At the low-to-moderate level of EI adoption (level 2), management still uses a top-down approach but is open to hearing employee ideas. Managers are aware of employee involvement and willing to experiment with its use in accomplishing business objectives. Employees see themselves as workers who have some say over the content of their work and workplace. Employees are asked to provide input and feedback concerning business issues that are outside their immediate assignments. Employees have access to information about matters that indirectly affect them as well as about matters that are immediately relevant to their work.

    At the moderate level of EI adoption (Level 3), management uses a participative approach that engages employees in thinking through options, recommending actions, and assessing accomplishment. Management still makes the final decisions but is convinced of the importance of involving employees in addressing business issues. Employees see themselves as advising on the business through their participation in problem solving teams and special task forces. The employee's information about the workplace is expanded to provide an informed basis for team problem solving.

    At the moderate-to-high level of EI adoption (Level 4), management has extended the participative approach by delegating decision-making authority to work teams that are empowered to manage their achievement of assigned goals. Management is convinced of the importance of employee involvement for accomplishing business objectives and has begun to redefine their role as enabling personnel rather than directing them. Employees feel they have a direct stake in the organization's success. They see themselves as co-managers of the business not just performers of its work. The involvement of employees includes participation in every aspect of business management and operations. Each employee has access to all information about the workplace so that they can participate fully in defining and accomplishing its objectives.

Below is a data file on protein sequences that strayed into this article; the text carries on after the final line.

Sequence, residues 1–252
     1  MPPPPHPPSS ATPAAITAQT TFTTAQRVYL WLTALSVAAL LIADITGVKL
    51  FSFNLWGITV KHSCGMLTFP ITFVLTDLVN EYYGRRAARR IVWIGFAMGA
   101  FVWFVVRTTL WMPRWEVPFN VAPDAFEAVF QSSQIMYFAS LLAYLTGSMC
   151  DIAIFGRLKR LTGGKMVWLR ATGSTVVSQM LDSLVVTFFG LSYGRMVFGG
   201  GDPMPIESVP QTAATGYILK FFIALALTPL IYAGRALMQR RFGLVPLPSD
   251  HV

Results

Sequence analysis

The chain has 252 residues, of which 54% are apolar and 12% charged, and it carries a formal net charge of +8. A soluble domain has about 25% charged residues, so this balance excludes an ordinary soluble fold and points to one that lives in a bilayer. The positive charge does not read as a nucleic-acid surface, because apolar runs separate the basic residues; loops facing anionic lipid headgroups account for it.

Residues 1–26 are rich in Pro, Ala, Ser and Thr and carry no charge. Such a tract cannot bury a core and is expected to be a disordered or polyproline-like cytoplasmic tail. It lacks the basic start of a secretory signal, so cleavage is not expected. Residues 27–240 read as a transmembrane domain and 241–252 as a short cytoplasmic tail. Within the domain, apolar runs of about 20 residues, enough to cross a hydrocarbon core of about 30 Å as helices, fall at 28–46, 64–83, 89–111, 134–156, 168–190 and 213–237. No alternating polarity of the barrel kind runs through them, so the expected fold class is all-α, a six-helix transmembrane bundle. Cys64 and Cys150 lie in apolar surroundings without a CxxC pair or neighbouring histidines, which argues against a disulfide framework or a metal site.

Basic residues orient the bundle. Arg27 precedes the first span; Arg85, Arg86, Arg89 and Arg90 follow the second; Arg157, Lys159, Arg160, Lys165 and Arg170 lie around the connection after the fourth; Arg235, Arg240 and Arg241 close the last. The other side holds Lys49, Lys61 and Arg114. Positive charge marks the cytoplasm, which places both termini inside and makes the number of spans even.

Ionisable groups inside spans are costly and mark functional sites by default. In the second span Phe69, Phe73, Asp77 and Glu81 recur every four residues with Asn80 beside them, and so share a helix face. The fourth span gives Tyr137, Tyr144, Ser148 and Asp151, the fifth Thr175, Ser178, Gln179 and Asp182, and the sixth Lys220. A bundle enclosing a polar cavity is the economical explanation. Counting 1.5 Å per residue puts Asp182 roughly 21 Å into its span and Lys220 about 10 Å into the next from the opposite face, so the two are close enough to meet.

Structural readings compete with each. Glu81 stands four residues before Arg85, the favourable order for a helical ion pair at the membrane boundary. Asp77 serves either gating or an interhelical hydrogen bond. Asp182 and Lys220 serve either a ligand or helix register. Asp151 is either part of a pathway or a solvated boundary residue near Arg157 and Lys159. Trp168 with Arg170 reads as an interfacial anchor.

At the high level of EI adoption (Level 5), management has redefined itself as partners with employees on one team dedicated to defining and achieving business goals. Managers position themselves to enable the free and collaborative enterprise of the team. Employees experience ownership for the business and a personal commitment to insuring its success. Work unit personnel operate as a self-lead team configuring themselves as needed to define and achieve corporate purposes and to coordinate with other work teams. Each employee has access to all information about the workplace except that information restricted by law.


    EI Strategy

    The strategy developed to promote EI was founded on learning from prior change-making efforts. Success of the EI initiative would require:

    1. A method for calibrating progress,
    2. Top level commitment to change,
    3. The skills with which to behave differently in the workplace,
    4. A mechanism for broadcasting involvement and its affects on the business, and
    5. A mechanism for recycling learning from accomplishment.